For fans of Harper Lee and Rita Mae Brown, Roy Hoffman's new novel is steeped in a sense of place--coastal Alabama--with its rich tapestry of characters caught in a web of justice not for all.
At once a literary crime novel and an intergenerational family drama, The Promise of the Pelican is set in the multicultural South, where justice might depend on the color of your skin and your immigration status. Hank Weinberg is a modern day Atticus Finch, recently retired as a defense attorney in Mobile, Alabama, and a Holocaust survivor, who fled the Nazis as a young child. With his daughter in rehab, he's now taking care of his special needs grandson. Mourning his dead wife, spending mornings fishing on the pier with other octogenarians, he passes the rest of his days watching over his sweet grandson with the help of Lupita, a young Honduran babysitter. When her brother Julio, an undocumented immigrant, is accused of murder, Hank must return to the courtroom to defend him while also trying to save his daughter and grandson's life from spinning out of control. The Promise of the Pelican takes its title from the legend that a pelican will pierce its own breast for blood to feed its starving chicks, a metaphor for one old man who risks all to save the vulnerable.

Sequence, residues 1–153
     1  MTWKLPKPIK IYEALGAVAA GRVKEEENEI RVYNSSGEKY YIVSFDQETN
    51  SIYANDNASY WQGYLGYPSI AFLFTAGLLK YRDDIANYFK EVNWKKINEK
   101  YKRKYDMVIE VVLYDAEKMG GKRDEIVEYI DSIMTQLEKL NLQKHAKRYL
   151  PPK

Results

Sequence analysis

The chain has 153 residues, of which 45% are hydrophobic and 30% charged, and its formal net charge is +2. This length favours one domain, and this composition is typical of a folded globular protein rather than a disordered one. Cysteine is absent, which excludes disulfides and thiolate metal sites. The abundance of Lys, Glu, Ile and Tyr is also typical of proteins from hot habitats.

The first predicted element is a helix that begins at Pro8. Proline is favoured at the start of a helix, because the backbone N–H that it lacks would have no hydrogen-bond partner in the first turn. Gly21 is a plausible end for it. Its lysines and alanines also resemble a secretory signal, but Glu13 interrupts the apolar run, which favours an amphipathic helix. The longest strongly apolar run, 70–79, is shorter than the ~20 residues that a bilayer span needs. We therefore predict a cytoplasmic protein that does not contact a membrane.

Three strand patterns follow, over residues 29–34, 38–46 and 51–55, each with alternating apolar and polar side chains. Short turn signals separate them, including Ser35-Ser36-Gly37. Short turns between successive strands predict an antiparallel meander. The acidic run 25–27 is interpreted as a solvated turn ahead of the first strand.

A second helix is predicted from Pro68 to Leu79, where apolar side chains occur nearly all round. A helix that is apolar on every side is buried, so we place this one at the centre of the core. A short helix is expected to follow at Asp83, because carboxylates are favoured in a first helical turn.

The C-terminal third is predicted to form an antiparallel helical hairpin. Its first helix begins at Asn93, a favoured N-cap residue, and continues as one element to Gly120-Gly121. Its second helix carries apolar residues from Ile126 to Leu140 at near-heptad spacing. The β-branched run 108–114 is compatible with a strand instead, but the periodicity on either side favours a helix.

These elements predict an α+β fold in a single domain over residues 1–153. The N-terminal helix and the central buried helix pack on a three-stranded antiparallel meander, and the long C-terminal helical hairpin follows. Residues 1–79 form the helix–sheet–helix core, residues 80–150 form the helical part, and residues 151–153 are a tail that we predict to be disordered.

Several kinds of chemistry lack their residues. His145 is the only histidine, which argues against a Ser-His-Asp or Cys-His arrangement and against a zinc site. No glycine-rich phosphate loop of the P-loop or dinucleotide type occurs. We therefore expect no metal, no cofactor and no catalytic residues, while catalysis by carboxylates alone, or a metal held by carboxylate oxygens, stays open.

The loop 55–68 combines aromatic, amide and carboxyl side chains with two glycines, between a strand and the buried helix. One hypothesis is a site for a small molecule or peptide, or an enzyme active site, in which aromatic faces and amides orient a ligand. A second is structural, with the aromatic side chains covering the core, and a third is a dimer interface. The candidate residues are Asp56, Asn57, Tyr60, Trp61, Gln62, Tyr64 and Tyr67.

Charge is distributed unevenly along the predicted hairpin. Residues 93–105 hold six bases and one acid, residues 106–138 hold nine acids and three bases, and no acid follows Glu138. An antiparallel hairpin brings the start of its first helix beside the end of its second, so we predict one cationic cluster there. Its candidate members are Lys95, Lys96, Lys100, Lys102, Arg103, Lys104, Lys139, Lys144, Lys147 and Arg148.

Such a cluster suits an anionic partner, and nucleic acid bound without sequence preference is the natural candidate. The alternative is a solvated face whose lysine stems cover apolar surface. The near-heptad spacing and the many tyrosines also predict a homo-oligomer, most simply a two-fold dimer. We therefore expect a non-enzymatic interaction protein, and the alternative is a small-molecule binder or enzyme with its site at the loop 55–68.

In a crisp prose style Harper Lee called "lean and clean," Hoffman writes from an enormous well of compassion. He fills his new novel with a cast of finely drawn characters of all ages and abilities facing life's harshest challenges and rising to meet them with dignity.
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